Treatment includes oral retinoids for the PPK. Elective extraction of involved teeth may prevent excess bone resorption. Appropriate antibiotic therapy may be required for periodontitis and recurrent cutaneous and systemic infections. Treatment with acitretin starting at an early age shows promise in allowing patients to have normal adult dentition. Early treatment and compliance with the prevention program are the major determinants for preserving permanent teeth in young patients. By extracting all primary teeth and eradicating periodontal pathogens, the patient's adult teeth can erupt into a safe environment. Treatment may be more beneficial if it is started during the eruption and maintained during the development of the permanent teeth. Recommended therapy includes aggressive local measures to control plaque including rigorous oral hygiene, chlorhexidine mouth rinses, frequent professional prophylaxis, and periodic appropriate antibiotic therapy needed for long-term maintenance.

2.12. Naxos disease

Naxos disease is a rare autosomal recessive inherited association of right ventricular dysplasia/dilated cardiomyopathy with woolly hair and PPK [14]. The disease has an adverse prognosis, especially in young patients. In a long-term study of an unselected population of patients with Naxos disease it was shown that risk factors for sudden death include history of syncope, the appearance of symptoms, severely progressive disease of the right ventricle before the age of 35 years, and the involvement of the left ventricle [15]. Symptoms of right heart failure appear during the end stages of the disease. One-third of patients become symptomatic before the 30th year of life. In some cases, a few clinical findings of early heart disease can be detected during childhood.

Clinically, a diffuse, nontransgredient keratoderma with an erythematous border appears during the first year of life. Woolly (dense, rough, and bristly) scalp hair is present at birth. Cardiac disease, manifested by arrhythmias, heart failure, or sudden death, becomes evident during and after late puberty. Other cutaneous manifestations include acanthosis nigricans, xerosis, follicular hyperkeratosis over the zygoma, and hyperhidrosis. In addition to the woolly hair at birth, PPK develops during the first year of life and cardiomyopathy is clinically manifested by adolescence with 100% penetrance. Patients present with syncope, sustained ventricular tachycardia or sudden death.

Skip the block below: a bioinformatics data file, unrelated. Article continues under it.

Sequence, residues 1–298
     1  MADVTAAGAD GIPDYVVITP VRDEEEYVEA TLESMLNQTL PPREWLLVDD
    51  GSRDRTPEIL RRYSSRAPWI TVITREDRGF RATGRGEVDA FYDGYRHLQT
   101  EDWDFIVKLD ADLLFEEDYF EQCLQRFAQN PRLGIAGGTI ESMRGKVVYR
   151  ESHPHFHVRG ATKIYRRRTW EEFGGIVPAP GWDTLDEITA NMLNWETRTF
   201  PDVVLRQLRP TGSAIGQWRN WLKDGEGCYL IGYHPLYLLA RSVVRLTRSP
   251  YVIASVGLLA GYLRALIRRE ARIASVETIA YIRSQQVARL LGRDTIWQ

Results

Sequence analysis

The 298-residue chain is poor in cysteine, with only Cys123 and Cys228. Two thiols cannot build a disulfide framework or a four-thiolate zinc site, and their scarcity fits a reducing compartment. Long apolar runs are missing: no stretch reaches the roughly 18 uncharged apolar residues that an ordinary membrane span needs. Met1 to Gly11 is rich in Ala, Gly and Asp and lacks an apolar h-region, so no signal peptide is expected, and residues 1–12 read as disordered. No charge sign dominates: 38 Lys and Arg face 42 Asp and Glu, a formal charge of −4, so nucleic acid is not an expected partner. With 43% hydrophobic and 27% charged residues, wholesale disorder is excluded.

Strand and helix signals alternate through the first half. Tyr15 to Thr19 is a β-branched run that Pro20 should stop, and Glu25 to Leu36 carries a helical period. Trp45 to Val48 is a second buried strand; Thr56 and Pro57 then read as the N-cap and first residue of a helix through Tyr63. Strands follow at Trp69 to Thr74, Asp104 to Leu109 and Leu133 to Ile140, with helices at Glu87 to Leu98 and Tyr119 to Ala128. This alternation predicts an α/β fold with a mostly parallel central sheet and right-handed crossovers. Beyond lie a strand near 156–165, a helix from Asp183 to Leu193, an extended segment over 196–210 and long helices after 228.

Histological findings include hyperkeratosis, hypergranulosis, and acanthosis. Molecular biology findings include a mutation in the plakoglobin gene, mapping to 17q21, which is responsible for Naxos disease. Plakoglobin is an important component of cell-to-cell and cell-to-matrix adhesion complexes of many tissues, including the skin and cardiac junctions. It also plays a role in signaling in the formation of desmosomal junctions. Mutations in the plakoglobin gene may lead to detachment of the cardiac myocytes, resulting in myocyte death. Plakoglobin mutations may also lead to desmosomal junction fragility in hair shafts, explaining the clinical phenotype of woolly hair.

The primary goal of treatment is the prevention of sudden cardiac death. Implantation of an automatic cardioverter defibrillator is indicated in patients who develop symptoms and/or structural progression, particularly before the age of 35 years. Antiarrhythmic drugs are indicated for preventing recurrence of episodes of sustained ventricular tachycardia. In an attempt to control Naxos disease, systematic genetic screening of the populations at risk has been initiated and is starting to identify the heterozygous carriers of the plakoglobin gene mutation.

3. Focal type

The focal type is subclassified into focal PPK, focal palmoplantar and gingival keratosis, focal keratoderma with oral leukokeratosis, pachyonychia congenita type 1 (Jadassohn–Lawandowsky type) and type 2 (Jackson–Lawler type), and focal PPK associated with esophageal carcinoma. Focal palmoplantar and gingival keratosis is characterized clinically by focal PPK with leukoplakic appearance on the labial surface of the attached gingival lesion, and histologically by focal epidermolytic PPK [16].

4. Striate type

4.1. Striate PPK (Brunauer-Fohs-Siemens syndrome)